Marlins close to calling up 20-year-old slugging phenom Mike Stanton

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While the baseball world tries to pin down Stephen Strasburg’s debut, another elite prospect could be on the verge of the majors. Joe Frisaro of MLB.com reports that the Marlins may call up 20-year-old outfielder Mike Stanton as soon as June 5.
Picked in the second round of the 2007 draft out of high school, Stanton has emerged as perhaps baseball’s premier power-hitting prospect. Stanton blasted 67 homers in his first two pro seasons, which led all minor leaguers in 2008 and 2009, and has been on fire at Double-A this season with 17 homers and 44 RBIs in 43 games.
Better yet he’s hitting .306 after coming into the season with a .267 career batting average and is walking far more than ever before while cutting down on his strikeouts. Stanton is still six months from his 21st birthday, but hitting .306 with a .440 on-base percentage and .706 slugging percentage at Double-A has likely forced the Marlins’ to speed up his timetable.
Frisaro notes that Stanton has been playing left field recently after previously being a right fielder, which is noteworthy because the Marlins currently have the reigning Rookie of the Year in left field. However, Chris Coghlan is hitting just .218 with a .544 OPS and has the defensive versatility to get into the lineup elsewhere. Another option to make room for Stanton would be moving Cody Ross to center field and benching or demoting Cameron Maybin, who’s hitting just .234 with a .641 OPS.
Marlins manager Fredi Gonzalez told Frisaro that Stanton will likely begin his career batting seventh, saying: “I don’t want him feeling he’s the a savior who’s here to save the season.” Maybe not, but as soon as his service time has been sufficiently suppressed Stanton’s arrival will be shaking up the 24-24 team.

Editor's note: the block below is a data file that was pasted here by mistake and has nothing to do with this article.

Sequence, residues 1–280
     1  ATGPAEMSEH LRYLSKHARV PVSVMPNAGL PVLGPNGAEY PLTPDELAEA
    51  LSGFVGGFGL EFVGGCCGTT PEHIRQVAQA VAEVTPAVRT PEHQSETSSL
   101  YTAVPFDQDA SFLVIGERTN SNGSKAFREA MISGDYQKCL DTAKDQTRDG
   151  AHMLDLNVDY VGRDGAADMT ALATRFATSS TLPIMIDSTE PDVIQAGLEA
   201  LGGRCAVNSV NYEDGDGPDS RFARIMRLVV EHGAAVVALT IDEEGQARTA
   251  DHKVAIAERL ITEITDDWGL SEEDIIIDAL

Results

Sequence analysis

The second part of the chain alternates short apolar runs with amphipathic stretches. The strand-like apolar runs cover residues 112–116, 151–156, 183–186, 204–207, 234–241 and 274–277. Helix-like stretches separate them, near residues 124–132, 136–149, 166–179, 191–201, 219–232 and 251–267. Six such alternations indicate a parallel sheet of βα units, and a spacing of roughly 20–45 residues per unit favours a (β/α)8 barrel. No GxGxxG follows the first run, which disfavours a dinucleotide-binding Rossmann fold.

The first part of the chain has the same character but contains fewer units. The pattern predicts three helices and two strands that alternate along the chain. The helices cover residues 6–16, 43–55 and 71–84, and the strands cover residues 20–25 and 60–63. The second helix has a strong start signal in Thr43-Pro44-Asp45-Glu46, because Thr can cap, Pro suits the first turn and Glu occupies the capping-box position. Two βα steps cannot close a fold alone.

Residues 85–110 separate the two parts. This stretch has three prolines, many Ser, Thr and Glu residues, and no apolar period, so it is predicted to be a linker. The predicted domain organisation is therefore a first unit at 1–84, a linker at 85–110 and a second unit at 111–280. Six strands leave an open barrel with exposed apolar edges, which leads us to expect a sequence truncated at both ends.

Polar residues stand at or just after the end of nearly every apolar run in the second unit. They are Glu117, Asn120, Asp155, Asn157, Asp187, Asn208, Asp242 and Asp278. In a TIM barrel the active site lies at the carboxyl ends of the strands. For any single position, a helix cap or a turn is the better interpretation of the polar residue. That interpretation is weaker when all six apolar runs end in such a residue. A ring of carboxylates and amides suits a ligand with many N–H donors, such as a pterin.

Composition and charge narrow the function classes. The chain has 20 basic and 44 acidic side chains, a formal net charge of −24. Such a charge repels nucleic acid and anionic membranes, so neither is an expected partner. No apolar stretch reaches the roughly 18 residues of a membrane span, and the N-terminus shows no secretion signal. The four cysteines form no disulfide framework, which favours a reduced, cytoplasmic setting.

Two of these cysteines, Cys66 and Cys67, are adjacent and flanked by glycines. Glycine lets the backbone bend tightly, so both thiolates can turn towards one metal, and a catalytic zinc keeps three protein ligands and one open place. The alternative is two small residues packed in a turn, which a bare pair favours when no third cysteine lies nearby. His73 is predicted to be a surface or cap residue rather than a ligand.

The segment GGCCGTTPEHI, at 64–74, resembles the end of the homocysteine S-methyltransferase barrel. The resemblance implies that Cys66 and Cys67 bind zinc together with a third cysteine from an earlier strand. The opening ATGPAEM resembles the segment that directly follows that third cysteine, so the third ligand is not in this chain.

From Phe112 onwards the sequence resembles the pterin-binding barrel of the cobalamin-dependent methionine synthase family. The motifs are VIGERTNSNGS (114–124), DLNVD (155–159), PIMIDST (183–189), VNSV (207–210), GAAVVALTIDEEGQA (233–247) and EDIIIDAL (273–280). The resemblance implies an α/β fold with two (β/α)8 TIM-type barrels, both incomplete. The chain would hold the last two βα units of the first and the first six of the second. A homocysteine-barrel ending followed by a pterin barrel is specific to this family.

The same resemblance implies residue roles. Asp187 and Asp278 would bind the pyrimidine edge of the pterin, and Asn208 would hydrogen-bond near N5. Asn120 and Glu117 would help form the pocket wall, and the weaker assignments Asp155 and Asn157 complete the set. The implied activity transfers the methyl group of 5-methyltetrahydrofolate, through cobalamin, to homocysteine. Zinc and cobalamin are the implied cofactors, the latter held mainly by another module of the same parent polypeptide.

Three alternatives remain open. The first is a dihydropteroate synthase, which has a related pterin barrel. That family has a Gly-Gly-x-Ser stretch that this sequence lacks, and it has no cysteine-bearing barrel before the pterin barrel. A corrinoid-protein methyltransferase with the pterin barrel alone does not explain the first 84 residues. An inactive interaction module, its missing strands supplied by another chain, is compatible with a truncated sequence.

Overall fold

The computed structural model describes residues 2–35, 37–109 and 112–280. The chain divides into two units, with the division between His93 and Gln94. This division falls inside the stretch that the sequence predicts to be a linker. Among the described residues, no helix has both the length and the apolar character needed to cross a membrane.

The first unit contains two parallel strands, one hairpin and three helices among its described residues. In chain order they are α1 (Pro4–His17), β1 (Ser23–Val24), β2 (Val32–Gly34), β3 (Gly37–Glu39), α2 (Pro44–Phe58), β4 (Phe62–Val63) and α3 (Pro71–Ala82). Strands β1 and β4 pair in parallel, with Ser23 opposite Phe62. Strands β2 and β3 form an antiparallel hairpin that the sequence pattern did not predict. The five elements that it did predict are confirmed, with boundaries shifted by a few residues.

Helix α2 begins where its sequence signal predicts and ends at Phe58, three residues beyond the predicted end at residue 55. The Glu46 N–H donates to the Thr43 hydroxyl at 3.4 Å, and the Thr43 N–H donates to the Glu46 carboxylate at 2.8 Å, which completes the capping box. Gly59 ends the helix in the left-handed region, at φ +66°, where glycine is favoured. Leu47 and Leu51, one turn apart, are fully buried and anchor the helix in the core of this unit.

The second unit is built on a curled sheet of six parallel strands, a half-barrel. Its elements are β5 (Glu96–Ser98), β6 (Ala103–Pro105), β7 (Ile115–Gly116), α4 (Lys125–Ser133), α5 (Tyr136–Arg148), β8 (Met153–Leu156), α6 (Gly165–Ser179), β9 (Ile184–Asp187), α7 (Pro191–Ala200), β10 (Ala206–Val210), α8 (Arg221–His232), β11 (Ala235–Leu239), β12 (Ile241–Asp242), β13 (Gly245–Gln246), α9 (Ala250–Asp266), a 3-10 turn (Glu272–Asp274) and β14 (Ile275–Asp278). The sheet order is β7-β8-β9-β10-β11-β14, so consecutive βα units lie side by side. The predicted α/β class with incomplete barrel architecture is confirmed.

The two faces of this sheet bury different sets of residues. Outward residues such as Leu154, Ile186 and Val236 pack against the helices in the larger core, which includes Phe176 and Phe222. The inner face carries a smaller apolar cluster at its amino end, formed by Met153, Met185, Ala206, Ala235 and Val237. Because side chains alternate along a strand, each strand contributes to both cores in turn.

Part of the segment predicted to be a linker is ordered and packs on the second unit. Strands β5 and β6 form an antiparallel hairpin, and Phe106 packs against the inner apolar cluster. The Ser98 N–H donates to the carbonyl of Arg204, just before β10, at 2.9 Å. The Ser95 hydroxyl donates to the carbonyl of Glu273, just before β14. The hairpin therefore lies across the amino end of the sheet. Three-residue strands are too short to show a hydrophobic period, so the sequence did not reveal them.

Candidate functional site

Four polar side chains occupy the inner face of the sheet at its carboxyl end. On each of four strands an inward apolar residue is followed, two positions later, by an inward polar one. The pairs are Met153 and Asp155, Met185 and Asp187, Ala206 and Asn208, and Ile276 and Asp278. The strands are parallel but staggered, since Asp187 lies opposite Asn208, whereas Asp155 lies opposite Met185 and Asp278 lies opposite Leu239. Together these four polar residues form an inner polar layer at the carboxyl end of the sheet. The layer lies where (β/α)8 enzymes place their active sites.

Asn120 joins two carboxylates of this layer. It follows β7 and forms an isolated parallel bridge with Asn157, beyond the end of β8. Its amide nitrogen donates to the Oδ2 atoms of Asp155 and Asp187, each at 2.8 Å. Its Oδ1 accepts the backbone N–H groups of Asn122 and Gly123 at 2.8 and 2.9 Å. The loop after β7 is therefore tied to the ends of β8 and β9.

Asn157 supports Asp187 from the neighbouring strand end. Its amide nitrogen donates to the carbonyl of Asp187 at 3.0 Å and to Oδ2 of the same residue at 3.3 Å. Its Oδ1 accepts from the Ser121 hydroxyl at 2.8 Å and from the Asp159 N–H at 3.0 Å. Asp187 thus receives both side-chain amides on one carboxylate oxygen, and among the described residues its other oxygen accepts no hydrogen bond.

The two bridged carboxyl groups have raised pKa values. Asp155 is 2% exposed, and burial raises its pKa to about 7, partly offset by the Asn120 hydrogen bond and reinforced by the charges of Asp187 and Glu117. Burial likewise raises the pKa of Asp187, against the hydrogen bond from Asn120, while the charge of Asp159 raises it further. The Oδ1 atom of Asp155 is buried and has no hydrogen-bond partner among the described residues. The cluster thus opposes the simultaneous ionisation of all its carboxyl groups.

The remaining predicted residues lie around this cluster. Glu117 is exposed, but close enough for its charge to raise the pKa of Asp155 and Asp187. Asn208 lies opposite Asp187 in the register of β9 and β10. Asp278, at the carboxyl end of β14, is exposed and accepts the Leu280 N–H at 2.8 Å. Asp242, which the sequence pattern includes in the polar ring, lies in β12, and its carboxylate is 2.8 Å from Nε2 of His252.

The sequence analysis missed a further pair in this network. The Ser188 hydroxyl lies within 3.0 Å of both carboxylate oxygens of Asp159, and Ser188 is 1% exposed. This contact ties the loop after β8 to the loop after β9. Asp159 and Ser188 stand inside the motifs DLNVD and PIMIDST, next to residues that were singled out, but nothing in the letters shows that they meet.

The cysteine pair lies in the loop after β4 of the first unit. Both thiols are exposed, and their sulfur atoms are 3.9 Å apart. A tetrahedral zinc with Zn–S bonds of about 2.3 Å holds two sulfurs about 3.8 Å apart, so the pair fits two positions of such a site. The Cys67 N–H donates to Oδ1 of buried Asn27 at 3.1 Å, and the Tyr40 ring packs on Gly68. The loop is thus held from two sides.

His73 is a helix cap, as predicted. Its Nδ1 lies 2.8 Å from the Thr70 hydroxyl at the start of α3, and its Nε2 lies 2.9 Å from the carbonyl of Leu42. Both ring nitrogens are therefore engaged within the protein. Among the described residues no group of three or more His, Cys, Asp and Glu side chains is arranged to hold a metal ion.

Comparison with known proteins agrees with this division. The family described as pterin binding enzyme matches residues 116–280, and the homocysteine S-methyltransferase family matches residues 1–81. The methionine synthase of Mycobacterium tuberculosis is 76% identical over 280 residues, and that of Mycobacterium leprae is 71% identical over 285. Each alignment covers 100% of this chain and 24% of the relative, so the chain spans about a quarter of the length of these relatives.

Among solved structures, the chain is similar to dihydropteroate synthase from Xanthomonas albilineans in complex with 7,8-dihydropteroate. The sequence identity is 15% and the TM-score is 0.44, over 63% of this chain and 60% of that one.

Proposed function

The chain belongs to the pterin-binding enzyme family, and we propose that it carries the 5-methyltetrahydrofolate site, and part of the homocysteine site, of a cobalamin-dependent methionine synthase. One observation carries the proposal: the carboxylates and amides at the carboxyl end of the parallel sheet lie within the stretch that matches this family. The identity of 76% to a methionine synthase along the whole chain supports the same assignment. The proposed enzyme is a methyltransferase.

Keith Law: The Braves have the best farm system. Who has the worst?

PHOENIX, AZ - APRIL 06:  General manager Dave Stewart of the Arizona Diamondbacks laughs on the field before the Opening Day MLB game against the San Francisco Giants at Chase Field on April 6, 2015 in Phoenix, Arizona.  (Photo by Christian Petersen/Getty Images)
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Why is this man smiling? Man, I wouldn’t be smiling if I read what I just read.

This is the week when ESPN’s Keith Law releases his prospect and farm system rankings. He kicks off his content this week with a top-to-bottom ranking of all 30 farm systems. As a rule he limits his analysis to players who are currently in the minors and who have not yet exhausted their rookie of the year eligibility.

For the second straight year, Law ranks the Braves as the best system in baseball. Number two — making a big leap from last year’s number 13 ranking – is the New York Yankees. Dead last: the Arizona Diamondbacks, which Law says “Dave Stewart ritually disemboweled” over the past two years. That’s gotta hurt.

If you want to know the reasons and the rankings of everyone in between you’ll have to get an ESPN Insider subscription. Sorry, I know everyone hates to pay for content on the Internet, but Keith and others who do this kind of work put a lot of damn work into it and this is what pays their bills. I typically don’t like to pay for content myself, but I do pay for an ESPN Insider subscription. It’s worth it for Law’s work alone.

The Blue Jays will . . . not be blue some days next year

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The Toronto Blue Jays, like a lot of teams, will wear an alternate jersey next year. It’ll be for Sunday home games. They call it their “Canadiana,” uniforms. Which, hey, let’s hear it for national pride.

(question to Canada: my grandmother and my three of my four maternal great-grandparents were Canadian. Does that give me any rights to emigrate? You know, just in case? No reason for asking that today. Just curious!).

Anyway, these are the uniforms:

More like RED Jays, am I right?

OK, I am not going to leave this country. I’m going to stay here and fight for what’s right: a Major League Baseball-wide ban on all red alternate jerseys for anyone except the Cincinnati Reds, who make theirs work somehow. All of the rest of them look terrible.

Oh, Canada indeed.